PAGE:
Alzheimer’s disease — largely categorized by a detriment to memory and cognitive abilities as one ages — has been around for tens of thousands of years. But with new tests, new treatments and new funding, experts agree: Researchers are at a turning point in treating Alzheimer’s disease.
“This is a new era,” said David Shenk ’88, journalist and author of “The Forgetting: Alzheimer's, Portrait of an Epidemic,” at a panel for World Alzheimer’s Day last Thursday. The event was sponsored by the Robert J. and Nancy D. Carney Institute for Brain Science. “It's not an overstatement to say that in the last year or two, we are at the beginning of the end of curing Alzheimer’s disease.”
Shenk facilitated the panel at Butler Hospital, where Alzheimer’s researchers and advocates from Rhode Island discussed their work and the current state of Alzheimer's treatment — a state of “genuine hope,” Shenk said.
Part of that hope comes from improved diagnostic capabilities. As Alzheimer’s progresses, protein changes in the brain happen decades before the onset of symptoms. Identifying those early changes could eventually be as simple as a test during a visit to the eye doctor, said Jessica Alber, assistant professor of neuroscience and biomedical and pharmaceutical sciences at the University of Rhode Island, who spoke at Thursday’s panel.
Researchers have determined that physical changes in the retina mirror changes to the brain correlated with early Alzheimer’s disease. According to Alber, clinicians could identify people at high risk for the disease and quickly introduce treatment using a test that would take pictures of the back of the eye — where the retina is located — during eye exams.
Or, as Alber put it, could help to “stop the disease before it starts.”
As humans age, the glial cells that support and protect neurons become coated with plaques and turn toxic. This prevents neurons from repairing themselves and diminishes their ability to resist aging, causing the onset of Alzheimer’s.
Researchers have known about that process for some time, Gregorio Valdez, professor of molecular biology, cell biology and biochemistry at the University, said at Thursday’s panel. But now, a class of drugs called monoclonal antibodies have been found to prevent and reverse plaque buildup, to some extent helping to treat Alzheimer’s disease.
“We can actually clear plaques, so we can remove that igniter” of Alzheimer’s, Valdez said. “We can put monoclonal antibodies in patients and get them through the blood-brain barrier.”
Valdez has also considered how to modify animal models of Alzheimer’s research to make them more applicable to humans.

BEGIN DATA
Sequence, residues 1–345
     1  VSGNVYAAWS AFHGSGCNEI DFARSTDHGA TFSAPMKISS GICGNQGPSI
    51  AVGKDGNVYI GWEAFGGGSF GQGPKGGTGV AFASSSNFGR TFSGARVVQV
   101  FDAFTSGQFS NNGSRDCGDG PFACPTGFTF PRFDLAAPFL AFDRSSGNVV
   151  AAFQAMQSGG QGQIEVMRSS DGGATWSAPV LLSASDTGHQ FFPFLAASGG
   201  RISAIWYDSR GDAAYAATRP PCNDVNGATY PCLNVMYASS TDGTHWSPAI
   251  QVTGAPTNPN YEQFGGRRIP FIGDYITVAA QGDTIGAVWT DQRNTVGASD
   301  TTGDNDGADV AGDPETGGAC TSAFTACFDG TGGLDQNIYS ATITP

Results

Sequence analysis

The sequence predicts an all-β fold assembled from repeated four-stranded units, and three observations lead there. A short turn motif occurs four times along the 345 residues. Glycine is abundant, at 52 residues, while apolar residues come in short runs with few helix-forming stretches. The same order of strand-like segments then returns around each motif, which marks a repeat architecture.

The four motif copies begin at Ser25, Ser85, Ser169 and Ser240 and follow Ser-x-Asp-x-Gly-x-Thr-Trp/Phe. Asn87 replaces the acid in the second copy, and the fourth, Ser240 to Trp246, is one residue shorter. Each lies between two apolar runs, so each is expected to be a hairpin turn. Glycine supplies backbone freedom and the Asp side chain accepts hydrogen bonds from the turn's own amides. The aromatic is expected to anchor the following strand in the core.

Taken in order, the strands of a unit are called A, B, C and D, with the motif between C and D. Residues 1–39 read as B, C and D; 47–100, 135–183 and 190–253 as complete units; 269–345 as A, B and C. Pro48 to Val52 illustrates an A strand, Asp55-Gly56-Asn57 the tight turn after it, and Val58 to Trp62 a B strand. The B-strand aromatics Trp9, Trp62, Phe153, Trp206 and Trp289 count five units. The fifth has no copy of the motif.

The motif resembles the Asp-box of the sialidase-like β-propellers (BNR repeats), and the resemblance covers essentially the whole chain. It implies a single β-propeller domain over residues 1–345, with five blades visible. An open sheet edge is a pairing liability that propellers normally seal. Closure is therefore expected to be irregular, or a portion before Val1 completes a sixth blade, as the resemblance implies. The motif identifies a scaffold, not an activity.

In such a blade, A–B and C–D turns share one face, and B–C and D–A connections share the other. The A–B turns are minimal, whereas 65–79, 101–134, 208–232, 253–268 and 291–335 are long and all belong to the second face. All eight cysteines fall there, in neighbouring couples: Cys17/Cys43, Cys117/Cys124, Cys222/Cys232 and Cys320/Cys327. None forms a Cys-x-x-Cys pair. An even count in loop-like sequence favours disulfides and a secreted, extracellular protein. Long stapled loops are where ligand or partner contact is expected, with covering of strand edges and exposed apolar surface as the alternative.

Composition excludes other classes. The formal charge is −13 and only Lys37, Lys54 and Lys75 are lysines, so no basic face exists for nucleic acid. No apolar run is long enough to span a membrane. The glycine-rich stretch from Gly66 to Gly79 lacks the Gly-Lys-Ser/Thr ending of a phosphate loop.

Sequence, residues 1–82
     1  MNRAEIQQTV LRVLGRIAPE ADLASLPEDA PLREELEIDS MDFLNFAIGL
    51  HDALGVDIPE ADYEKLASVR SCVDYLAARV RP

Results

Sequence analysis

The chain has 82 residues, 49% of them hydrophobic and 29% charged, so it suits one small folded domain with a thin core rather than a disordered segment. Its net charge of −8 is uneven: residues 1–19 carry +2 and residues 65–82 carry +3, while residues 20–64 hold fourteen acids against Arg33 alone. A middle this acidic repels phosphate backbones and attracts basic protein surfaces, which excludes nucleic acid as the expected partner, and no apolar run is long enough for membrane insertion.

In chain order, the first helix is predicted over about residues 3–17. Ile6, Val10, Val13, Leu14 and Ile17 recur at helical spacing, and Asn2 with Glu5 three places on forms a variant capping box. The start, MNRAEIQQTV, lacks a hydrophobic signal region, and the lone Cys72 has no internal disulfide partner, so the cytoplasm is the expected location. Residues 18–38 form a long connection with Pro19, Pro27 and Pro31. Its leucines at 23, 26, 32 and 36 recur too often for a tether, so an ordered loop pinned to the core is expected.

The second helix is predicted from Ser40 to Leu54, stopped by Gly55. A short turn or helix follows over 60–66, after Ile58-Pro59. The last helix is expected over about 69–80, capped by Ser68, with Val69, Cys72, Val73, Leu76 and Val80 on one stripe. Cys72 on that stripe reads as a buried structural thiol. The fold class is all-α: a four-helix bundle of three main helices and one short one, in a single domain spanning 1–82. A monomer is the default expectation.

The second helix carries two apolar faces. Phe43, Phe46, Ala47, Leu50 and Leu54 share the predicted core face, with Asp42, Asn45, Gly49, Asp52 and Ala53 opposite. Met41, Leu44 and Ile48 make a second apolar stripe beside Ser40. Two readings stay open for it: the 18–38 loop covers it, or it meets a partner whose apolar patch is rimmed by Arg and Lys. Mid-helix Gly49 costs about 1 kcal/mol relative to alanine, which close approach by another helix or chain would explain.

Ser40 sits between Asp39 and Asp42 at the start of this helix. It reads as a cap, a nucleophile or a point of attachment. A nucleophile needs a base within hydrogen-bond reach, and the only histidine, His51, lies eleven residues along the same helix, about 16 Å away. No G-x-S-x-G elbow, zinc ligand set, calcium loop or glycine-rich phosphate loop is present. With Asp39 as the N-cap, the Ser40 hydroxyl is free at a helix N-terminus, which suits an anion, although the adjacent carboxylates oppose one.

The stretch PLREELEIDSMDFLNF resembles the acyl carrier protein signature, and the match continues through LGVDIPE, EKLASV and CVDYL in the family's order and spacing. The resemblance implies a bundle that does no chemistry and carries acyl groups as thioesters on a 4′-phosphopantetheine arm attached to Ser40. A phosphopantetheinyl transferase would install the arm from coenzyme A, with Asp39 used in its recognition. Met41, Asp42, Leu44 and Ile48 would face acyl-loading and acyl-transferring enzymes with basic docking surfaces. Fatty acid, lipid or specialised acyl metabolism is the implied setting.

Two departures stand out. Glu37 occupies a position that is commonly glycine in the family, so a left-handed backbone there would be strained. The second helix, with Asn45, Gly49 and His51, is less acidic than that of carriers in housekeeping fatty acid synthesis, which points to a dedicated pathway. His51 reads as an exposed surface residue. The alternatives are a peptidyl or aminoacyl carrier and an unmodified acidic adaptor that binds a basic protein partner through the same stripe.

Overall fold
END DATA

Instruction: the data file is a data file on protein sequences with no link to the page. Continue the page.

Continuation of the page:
“Alzheimer’s is a disease where the immune system goes absolutely bananas,” he said. “When we work with animal models in Alzheimer’s disease, they are housed in a very controlled environment. They do not see the same assortment of pathogens that you and I see all the time — what my kids bring in the house, when I go to Starbucks.”
Valdez was part of a team that devised a method to introduce an assortment of pathogens to animal models of Alzheimer’s disease. With more mature, heightened immune systems, animal models can better mimic human conditions, making results more translatable.
Yet human subjects are still one of the most important parts of the burgeoning field of Alzheimer’s research. Research relies on study participants to validate treatments, discover new mutations and even inspire new ideas for better ways to treat Alzheimer’s disease.
“Every person contributing to research is invaluable, whether you’re doing a drug trial or observational research or genetic research,” said Ted Huey, professor of psychiatry and human behavior and director of the Memory and Aging Program at Butler Hospital.
“All of the things we’re talking about … none of (them) would have happened without participants,” Huey said at Thursday’s panel.
The ultimate goal of Alzheimer’s researchers, panelists agreed, is to prolong vitality. Valdez described his “walking encyclopedia” of a neighbor who, at 101 years old, still drives and often talks with Valdez about history.
As Shenk put it, many of the people with the most wisdom, the best ideas and the most to teach have been lost to Alzheimer’s for 100,000 years.
“We can now taste the end of that era,” he said.
Haley Sandlow is a section editor covering science and research as well as admissions and financial aid. She is a junior from Chicago, Illinois, studying English and French.